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Coronavirus Hurts Middle East Economies Beyond Oil

Tsvetana Paraskova

The Middle East oil exporters are grappling with depressed demand in their key market, China, due to the coronavirus outbreak.

The economies of the Arab Gulf countries are feeling the double sting of a sizeable loss of oil demand in Asia and a plunge in oil prices as the markets fear a significant slowdown in global economic growth because of the outbreak.

If that wasn’t bad enough for the biggest economies in the Gulf, business activity in the non-oil sector continues to deteriorate in OPEC’s biggest producer Saudi Arabia and in OPEC’s third-largest producer, the United Arab Emirates (UAE).

The start to 2020 hasn’t been good for the Saudi and UAE economies as they cut oil production in the new round of OPEC+ cuts, and they cut more than they are expected to, as they are trying to lead by example in the OPEC+ group’s efforts to draw down oil oversupply.

But then China began reporting cases of coronavirus at the end of January, sending oil prices tumbling to more than a year-low last week. Saudi Arabia and the UAE are not only exporting much-lower-than-typical volumes of crude oil, but they are also getting less money for it.

The coronavirus outbreak added more pain to the Gulf economies—it slammed China’s factory output, delayed supplies to export destinations, and depressed business sentiment worldwide. In this way, even the non-oil sectors of the largest oil producers in the Gulf suffered. The ‘diversification’ of economies away from oil didn’t spare the Saudi and UAE economies in February.

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In Saudi Arabia, factory output, new orders, and employment trends all lost momentum since the start of 2020, IHS Markit said in its Purchasing Managers’ Index (PMI) survey this week.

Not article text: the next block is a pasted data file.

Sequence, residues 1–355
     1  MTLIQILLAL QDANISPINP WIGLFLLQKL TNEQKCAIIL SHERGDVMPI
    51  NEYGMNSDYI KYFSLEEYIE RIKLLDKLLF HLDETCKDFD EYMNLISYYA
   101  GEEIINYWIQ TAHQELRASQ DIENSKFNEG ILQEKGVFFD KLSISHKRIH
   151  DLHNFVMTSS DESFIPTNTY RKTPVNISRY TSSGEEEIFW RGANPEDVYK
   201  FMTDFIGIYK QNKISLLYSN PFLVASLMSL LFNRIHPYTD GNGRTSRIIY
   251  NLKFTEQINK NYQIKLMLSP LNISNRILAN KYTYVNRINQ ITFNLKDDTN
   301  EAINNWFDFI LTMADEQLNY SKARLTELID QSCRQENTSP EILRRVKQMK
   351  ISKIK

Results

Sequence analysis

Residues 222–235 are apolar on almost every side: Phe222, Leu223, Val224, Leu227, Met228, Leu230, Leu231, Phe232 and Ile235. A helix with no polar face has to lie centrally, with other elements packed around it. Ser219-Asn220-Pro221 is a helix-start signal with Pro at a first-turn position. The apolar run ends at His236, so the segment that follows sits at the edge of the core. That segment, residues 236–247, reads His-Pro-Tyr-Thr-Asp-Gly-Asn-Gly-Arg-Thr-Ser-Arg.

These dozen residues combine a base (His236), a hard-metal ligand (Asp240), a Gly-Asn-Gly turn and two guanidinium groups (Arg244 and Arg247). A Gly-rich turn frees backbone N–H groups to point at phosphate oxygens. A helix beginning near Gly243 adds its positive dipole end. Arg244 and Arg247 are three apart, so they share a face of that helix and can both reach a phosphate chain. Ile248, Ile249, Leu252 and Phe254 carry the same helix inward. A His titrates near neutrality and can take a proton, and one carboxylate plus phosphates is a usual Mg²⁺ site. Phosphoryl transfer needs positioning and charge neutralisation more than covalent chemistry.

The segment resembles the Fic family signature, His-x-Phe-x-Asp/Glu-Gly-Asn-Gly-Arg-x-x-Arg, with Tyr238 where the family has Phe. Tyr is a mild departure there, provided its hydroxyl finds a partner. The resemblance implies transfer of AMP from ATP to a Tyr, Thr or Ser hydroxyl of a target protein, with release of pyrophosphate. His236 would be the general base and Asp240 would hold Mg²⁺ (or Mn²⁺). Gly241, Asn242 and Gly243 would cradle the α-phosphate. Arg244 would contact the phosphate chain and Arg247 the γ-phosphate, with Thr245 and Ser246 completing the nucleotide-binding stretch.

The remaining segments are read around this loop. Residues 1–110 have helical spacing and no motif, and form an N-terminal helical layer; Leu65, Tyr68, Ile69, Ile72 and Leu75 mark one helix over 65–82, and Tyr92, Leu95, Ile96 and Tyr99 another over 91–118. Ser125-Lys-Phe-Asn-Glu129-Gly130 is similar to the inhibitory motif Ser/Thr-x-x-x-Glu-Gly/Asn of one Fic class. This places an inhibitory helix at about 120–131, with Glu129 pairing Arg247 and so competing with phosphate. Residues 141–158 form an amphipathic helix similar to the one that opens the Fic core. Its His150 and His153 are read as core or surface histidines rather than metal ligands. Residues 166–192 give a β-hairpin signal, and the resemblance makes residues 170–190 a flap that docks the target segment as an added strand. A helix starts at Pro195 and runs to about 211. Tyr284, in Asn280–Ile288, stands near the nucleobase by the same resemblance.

The overall expansion of non-oil private sector business activity in February was the weakest on record since the survey began in August 2009, IHS Markit said.

The Saudi Arabia PMI was at its lowest level since April 2018, growth in factory output and in new orders sharply slowed down, and business confidence was at its most pessimistic in a year and a half, with concerns about China and the coronavirus outbreak, according to the survey.

The deterioration in Saudi Arabia’s non-oil sector comes after a strong 2019 performance of the non-oil sector, whose 3.3.-percent growth—the highest in five years—helped the Saudi economy to grow by 0.3 percent last year, despite a 3.6-percent drop in the oil sector.

Prospects for this year were brighter two months ago, when the IMF expected the Saudi economy to grow by 1.9 percent, although it was a downward revision from a previous forecast because of the OPEC+ cuts.

After the coronavirus outbreak, Goldman Sachs slashed its forecast for Saudi economic growth in 2020 to 0.6 percent from 2.1 percent, Bloomberg reports.

In the UAE, the IHS Markit PMI survey showed further deterioration in the business conditions in the non-oil sector, with output contracting for the first time in ten years.

“Supplier performance was meanwhile hit by the coronavirus outbreak in China, with PMI surveys globally noting significant delays to freight deliveries, as well as weaker export demand. With many UAE firms also suffering from credit issues, backlogs rose for the fifth month running,” David Owen, Economist at IHS Markit, said, commenting on the survey results.

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The deterioration of the non-oil sector activity in the UAE and in Saudi Arabia, where the non-oil sector rescued the economy from contracting in 2019, doesn’t bode well for the two major Middle Eastern oil producers this year.

They desperately need higher oil prices because the coronavirus outbreak is battering their non-oil economic activity, on top of slamming global oil demand growth and making their key export item and major budget revenue generator—crude oil—cheaper.  

It won’t come as any surprise then that the UAE and Saudi Arabia could be the most motivated OPEC+ producers pushing for cutting the group’s collective oil production as much as possible when the partners meet in Vienna later this week.   

By Tsvetana Paraskova for Oilprice.com

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